As a barrister, I am often shown a blatant act of piracy or a breathtakingly unjustified letter before claim and am asked for my opinion on the strength of the claim. More often than not, that is the last I ever hear of the matter. Sometimes I run into the patent agent or solicitor who consulted me and ask what happened. “Oh! The client just could not afford to fight” is the usual answer. “So he let it go” or as the case may be, “He just caved in.”
Now if you consult TaylorWessing’s Patent Map, click the arrow beside “I have a question for all countries” in the left-hand box, click again on “Questions concerning First Instance” and choose the “Typical costs at first instance?” option, you will see why. The figure for England and Wales is £200,000 to £1 million. Compare that to France (€200,000 to €800,000), Germany (infringement €100,000 to €200,000 and the same for validity), the Netherlands (€75,000 to €200,000_ and Switzerland (court fees: €830 – €125,000 attorney’s fees: €1,700 – €250,000). It is not surprising that only 5,736 European patent applications were made from the UK in 2018 compared to 26,734 from Germany, 10,317 from France, 7,927 from Switzerland 7,140 from the Netherlands (source European patent applications by country of origin 2009 to 2018).
Of course, those figures don’t tell the whole story. Patents for European countries can be granted by national intellectual property offices such as the IPO in Newport as well as by the European Patent Office. Intellectual property litigation can be conducted far more cheaply in the Intellectual Property Enterprise Court than the Patents Court or the rest of the Chancery Division. But these figures tend to confirm the widely-held view that IP litigation in England and Wales is prohibitively expensive and that it is just not worth spending many thousands of pounds on a patent or other registered right which costs many thousands of pounds more to enforce.
Now what, if anything, can be done about that? The Ministry of Justice has probably done as much as it could by streamlining the practice and procedure of the Intellectual Property Enterprise Court, introducing a small claims track for the simpler cases and requiring all courts to manage their cases at proportionate costs. The IPO offers a cost-effective mediation service and examiners’ opinions on such issues as whether a patent is valid and whether it has been infringed. The Unified Patents Court would have created a level playing field for all European patent owners but that may well have been scuppered by brexit and litigation in the German Constitutional Court,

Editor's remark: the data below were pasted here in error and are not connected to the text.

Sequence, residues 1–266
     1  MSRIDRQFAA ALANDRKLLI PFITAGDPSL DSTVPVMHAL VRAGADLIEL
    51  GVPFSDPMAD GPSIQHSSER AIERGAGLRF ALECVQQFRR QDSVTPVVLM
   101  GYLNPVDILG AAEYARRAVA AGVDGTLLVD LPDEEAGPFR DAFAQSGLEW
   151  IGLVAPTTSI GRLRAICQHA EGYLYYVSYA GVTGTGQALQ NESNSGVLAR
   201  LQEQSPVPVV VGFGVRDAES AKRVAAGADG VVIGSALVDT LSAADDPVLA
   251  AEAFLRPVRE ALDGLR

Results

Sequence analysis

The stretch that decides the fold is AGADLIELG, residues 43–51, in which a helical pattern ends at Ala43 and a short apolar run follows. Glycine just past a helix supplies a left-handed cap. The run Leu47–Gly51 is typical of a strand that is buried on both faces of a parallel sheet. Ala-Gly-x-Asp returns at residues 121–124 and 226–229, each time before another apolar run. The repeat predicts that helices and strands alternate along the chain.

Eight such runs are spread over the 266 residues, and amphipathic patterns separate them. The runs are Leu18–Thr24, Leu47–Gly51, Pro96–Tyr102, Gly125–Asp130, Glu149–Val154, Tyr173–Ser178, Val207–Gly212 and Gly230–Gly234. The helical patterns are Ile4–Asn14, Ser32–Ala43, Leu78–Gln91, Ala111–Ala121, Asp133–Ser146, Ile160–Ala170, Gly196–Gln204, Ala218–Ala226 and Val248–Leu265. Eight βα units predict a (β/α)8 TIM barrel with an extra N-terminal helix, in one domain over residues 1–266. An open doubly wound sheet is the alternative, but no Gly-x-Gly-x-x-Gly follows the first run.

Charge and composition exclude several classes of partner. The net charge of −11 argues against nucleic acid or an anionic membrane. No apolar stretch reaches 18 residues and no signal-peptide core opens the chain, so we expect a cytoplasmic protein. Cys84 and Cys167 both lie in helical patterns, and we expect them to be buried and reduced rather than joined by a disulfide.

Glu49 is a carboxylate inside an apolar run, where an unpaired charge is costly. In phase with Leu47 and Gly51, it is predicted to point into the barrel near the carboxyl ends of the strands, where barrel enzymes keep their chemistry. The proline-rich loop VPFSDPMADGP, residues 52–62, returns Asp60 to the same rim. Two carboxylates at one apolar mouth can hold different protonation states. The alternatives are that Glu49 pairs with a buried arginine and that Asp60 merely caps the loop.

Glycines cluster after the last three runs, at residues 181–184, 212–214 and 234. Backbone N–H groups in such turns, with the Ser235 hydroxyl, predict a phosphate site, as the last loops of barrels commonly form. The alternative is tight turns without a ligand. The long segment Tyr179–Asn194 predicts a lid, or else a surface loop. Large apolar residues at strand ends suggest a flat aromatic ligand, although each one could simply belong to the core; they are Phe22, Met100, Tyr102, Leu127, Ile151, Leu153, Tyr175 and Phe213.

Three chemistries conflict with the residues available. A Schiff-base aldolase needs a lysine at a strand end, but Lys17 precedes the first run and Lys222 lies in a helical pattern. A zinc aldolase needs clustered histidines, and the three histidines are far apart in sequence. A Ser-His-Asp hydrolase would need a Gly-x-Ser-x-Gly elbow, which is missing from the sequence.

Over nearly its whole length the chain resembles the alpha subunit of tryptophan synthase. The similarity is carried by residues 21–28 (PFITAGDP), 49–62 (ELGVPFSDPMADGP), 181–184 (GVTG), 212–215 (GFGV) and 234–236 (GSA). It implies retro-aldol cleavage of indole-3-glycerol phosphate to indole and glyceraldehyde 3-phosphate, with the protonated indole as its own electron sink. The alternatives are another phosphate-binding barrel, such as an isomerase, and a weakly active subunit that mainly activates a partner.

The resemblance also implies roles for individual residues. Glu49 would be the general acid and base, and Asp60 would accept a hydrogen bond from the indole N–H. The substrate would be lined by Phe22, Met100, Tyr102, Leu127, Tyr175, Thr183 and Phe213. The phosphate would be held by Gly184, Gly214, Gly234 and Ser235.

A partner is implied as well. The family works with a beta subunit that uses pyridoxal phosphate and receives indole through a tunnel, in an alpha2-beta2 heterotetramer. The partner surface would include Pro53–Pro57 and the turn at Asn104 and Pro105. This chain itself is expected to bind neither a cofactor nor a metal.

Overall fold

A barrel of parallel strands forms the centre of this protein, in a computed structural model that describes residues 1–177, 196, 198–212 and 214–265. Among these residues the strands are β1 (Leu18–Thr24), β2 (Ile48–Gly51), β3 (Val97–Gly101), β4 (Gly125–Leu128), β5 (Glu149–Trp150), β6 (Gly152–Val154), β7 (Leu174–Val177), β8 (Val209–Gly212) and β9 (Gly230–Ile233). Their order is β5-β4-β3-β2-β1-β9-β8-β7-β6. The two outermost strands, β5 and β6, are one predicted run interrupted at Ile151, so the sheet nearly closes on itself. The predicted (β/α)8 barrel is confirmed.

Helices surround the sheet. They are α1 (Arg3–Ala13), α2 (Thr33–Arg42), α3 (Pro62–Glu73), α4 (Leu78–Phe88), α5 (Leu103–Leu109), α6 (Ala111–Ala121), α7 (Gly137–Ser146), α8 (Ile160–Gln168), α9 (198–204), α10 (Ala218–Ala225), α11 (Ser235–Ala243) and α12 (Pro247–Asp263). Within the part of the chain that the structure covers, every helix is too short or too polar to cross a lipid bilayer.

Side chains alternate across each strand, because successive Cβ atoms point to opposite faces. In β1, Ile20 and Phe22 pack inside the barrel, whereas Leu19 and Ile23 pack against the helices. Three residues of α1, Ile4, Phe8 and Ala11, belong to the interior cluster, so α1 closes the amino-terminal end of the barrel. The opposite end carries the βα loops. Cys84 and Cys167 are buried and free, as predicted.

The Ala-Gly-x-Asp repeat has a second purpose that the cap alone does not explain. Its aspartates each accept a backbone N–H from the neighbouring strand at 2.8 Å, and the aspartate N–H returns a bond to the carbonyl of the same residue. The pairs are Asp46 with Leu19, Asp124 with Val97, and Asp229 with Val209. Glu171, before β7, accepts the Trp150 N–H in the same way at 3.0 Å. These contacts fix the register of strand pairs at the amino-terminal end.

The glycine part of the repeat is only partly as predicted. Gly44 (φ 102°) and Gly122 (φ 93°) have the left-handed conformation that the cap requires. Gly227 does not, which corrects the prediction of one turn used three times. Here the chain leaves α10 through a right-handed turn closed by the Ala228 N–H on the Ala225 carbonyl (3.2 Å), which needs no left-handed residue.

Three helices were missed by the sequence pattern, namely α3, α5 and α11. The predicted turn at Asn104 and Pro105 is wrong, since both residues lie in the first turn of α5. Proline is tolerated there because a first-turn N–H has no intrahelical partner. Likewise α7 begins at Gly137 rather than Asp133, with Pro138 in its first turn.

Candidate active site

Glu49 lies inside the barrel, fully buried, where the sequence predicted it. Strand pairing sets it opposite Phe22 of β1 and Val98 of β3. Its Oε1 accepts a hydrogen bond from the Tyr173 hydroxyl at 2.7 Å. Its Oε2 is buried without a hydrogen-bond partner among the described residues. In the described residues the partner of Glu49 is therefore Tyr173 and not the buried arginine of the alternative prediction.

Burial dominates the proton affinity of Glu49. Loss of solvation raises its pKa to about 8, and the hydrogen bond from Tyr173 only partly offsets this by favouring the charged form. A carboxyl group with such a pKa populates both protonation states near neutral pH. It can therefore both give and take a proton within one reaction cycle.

Probably the best way forward is for businesses to consider enforcement whenever they apply for a patent, trade mark or registered design or acquire some non-registrable right. In the case of a start-up or other small business that probably means taking out IP insurance. I have been writing about this topic since 2005 (see IP Insurance: Does it Work? 3 Sept 2005 NIPC Law, IP Insurance 3 Sept 2005 NIPC Inventors’ Club, 6 Feb 2006 IP Insurance: Two More Insurers Identified 6 Feb 2006 NIPC Inventors Club, IP Insurance Five Years On 26 Oct 2010 NIPC Inventors Club, Intellectual Property – The Funding Options 10 April 2013 NIPC Law, IP Insurance: CIPA’s Paper and 1 May 2916 NIPC Inventors Club).
Back in 2005, there were not many brokers with experience of arranging IP insurance and many patent and trade mark attorneys were sceptical of the value of the policies. Because after-the-event premiums and success fees were then recoverable from unsuccessful paries, many rightsholders thought that it would always be possible to find solicitors and counsel who would accept instructions on a no-win-no-fee retainer should a dispute ever arise. All that changed with the Legal Aid, Sentencing, Punishment and Management of Offenders Act 2012 and costs capping in the Intellectual Property Enterprise Court (see Success Fees and ATE Premiums in the Patents County Court: Henderson v All Around the World Recordings Ltd 14 July 2011 NIPC Law). The Chartered Institute of Patent Attorneys published IP Insurance and other IP litigation funding arrangements in 2016. The Intellectual Property Office published its guidance on Intellectual Property Insurance on 22 Jan 2016 which it updated earlier this year.
The IPO’s guidance covers the types of before-the-event IP insurance policies that are available, the types of litigation, jurisdiction and risks that can be covered, the costs and benefits, the criteria for setting premiums, the claiming process and alternatives to litigation such as IPO examiners’ opinions and mediation. There is also a list of specialist brokers on the CIPA and IPO’s websites. Provision for IP insurance premiums or some other funding should appear in every business plan. Angels, private equity investors, bankers and other lenders should insist on it. It is as important as rent, equipment hire and employees’ wages.
Anyone wishing to discuss this article or IP insurance generally should call me on 020 7404 5252 during office hours or send me a message through my contact form.